I think what really makes this music so unique, separating it from any "slick" country-pop at the time, is the banjo playing. For instance, on "Why Not Your Baby," the best track on the album, the banjo comes in adding an eerie sound to the poignant song. Then the strings come in, creating a sound that is rarely, if ever heard. Also, on "Radio Song," banjo and harpsichord are played side-by-side creating yet another sound that stands out. Every song is good when compared to popular music-at-large, but the standouts are, "Out on the Side," "Something's Wrong" and "Through the Morning, Through the Night." Also, the Eagles later used D&C's, "Train Leaves Here This Mornin" on their first album.
The material from their first album, "Fantastic Expedition" is the strongest, and most creative. The other material is not as notable and often borders on straight bluegrass (such as "Rocky Top"). Clark also wrote fewer songs on their second album, making it more uneven. The cover songs are still good, such as "So Sad" written by the Don and Phil Everly, and "No Longer a Sweetheart of Mine." In general, this is one of my favorite CDs, showcasing an early incarnation of country-folk-rock/pop, or whatever you wish to call it. The material is memorable, heartfelt, and shows the talent of the critically acclaimed members. The sound quality is good, but not excellent, and is probably a result of the original masters. You can't beat this deal, with over 70 minutes of some of the best music ever made combined with decent, although humorous at times, liner notes (the British writer describes the Andy Griffith Show as a "comedy soap opera"). This is definitely the only Dillard and Clark CD to buy because it contains it all.
Set You Free: Gene Clark in the Byrds: 1964-1973
As the Cognomen Says Regarding This Epochal Songwriter (5 stars)
As the Cognomen Says Regarding This Epochal Songwriter (5 stars)
"Set You Free: Gene Clark in the Byrds 1964-1973," by the Byrds, is a compendium like no other, because Gene Clark (1944-1991), was a founding member of the legendary, Los Angeles Byrds, considered by some cognoscenti the greatest and most influential band in rock history. Clark stood at centre stage during their concerts, with hauntingly good looks and his ubiquitous tambourine. From the inception of the Byrds (as the Jet Set) in August, 1964, to the time Gene first left the group in March, 1966, he had composed twenty-one (including five co-written with other Byrds, et al) recorded and eventually released songs for them--as many as the next two most efficacious fellow Byrds, David Crosby and Jim (Roger) McGuinn, combined. This garnered him more in royalties, making him the envy of the other Byrds. Of the total twenty-five songs he wrote from 1964-1973, while sporadically with the group, he was joined by co-writers on only seven. This all exemplifies his strength as an independent songwriter. In this handsome twenty-two song collection by "The Famous Five" are twenty-one pieces penned by Gene Clark, plus the song "Cowgirl In The Sand," which, although performed by Gene and the Byrds, was written by Neil Young and therefore does not belong on this Byrds disc of Clark composed works. There are, as well, four previously released Clark written Byrds songs from the 1964-1965 period missing: "You Movin'"; "It's No Use"; "Why Can't I Have Her Back Again?" (available on Raven's "Byrd Parts 2"); and the instrumental, "You And Me." Although, one has to admit, not all of Clark's later, solo work approaches the calibre of the masterpieces featured on this compilation, his oeuvre, unequivocally, eclipses that of any former Byrd's. All of the ballads and songs by Gene Clark--rock's most underrated "genius" singer songwriter--on this CD are exquisitely mellifluous, with their enchanting harmonic modulations; embellished by romantic, yet simplistic, poetic lyricism. My favourites on this disc are: "Please Let Me Love You," where, particularly, Gene's voice--which was the most expressive in all the Byrds, with the exception of David Crosby's--glows. Their passionate "Oh yeah's" (also present in the next mentioned Byrds song) were actually first uttered by the Bee Gees on their 1962 "Three Kisses Of Love" single. I also adore "I Knew I'd Want You," which contains a waltz-like quality. In it one can almost see the girl Gene emotes over, when he and his band mates bellow, "But I felt so close to you, when you said hello." Then there's "One In A Hundred," a most penetrating threnody, with words like, "Hear the bells ring, morning has come/Over the town the morning star fades in the dawn" complemented by the Byrds' trademark harmonies and McGuinn's Rickenbacker 12-string electric guitar, chiming like soft and distant church bells. Get this masterwork by the Byrds, "Set You Free: Gene Clark in the Byrds 1964-1973" into your life now, because Gene Clark's music is like--as inscribed on his epitaph--No Other, and is, as the cognomen says regarding this epochal songwriter.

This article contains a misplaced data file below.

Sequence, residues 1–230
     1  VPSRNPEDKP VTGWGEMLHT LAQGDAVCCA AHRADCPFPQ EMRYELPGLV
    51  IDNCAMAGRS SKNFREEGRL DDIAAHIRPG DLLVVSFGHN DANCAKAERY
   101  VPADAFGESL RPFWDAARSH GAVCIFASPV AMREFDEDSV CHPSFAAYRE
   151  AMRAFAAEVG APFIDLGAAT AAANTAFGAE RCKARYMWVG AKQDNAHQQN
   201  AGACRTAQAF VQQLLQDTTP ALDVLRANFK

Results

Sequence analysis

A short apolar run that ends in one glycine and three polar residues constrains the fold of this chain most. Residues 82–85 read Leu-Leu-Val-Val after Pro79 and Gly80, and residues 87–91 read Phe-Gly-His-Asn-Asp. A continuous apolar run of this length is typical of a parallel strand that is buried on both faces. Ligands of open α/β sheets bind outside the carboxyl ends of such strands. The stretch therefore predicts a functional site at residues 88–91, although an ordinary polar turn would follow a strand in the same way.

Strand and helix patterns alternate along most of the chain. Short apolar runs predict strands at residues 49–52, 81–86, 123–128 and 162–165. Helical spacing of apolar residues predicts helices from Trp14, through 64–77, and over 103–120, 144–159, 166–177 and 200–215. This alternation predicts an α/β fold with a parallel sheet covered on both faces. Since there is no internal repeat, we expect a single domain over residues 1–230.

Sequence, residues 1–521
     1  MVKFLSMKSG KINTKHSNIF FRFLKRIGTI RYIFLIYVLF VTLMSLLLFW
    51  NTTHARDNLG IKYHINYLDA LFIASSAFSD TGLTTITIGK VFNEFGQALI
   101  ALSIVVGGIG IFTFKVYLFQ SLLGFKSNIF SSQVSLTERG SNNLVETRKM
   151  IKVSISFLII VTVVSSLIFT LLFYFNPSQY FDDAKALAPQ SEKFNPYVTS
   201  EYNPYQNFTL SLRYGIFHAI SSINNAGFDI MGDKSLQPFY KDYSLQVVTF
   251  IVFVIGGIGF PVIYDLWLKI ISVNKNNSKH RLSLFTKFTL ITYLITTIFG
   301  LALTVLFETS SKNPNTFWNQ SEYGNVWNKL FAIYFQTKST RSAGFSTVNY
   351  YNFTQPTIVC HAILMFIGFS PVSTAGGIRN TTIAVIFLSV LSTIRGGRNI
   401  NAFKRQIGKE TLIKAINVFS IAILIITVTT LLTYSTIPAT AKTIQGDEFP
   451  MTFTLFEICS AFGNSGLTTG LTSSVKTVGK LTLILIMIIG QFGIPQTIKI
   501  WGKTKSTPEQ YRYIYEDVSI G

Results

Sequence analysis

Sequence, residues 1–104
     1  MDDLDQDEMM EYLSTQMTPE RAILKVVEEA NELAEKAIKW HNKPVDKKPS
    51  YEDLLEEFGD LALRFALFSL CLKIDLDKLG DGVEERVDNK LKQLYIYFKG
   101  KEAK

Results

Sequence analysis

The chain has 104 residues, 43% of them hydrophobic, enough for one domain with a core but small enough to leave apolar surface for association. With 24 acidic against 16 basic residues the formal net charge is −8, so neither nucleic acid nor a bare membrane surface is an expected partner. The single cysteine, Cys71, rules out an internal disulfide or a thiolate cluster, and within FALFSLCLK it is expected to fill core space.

Also Recommended: "No Other"--Gene Clark; "Echoes"--Gene Clark; "Byrds Most Famous Hits"--"Byrds"; "After The Storm"--CRY; "Claremont Dragon"--John York.
Originally posted on Barnes and Noble.Com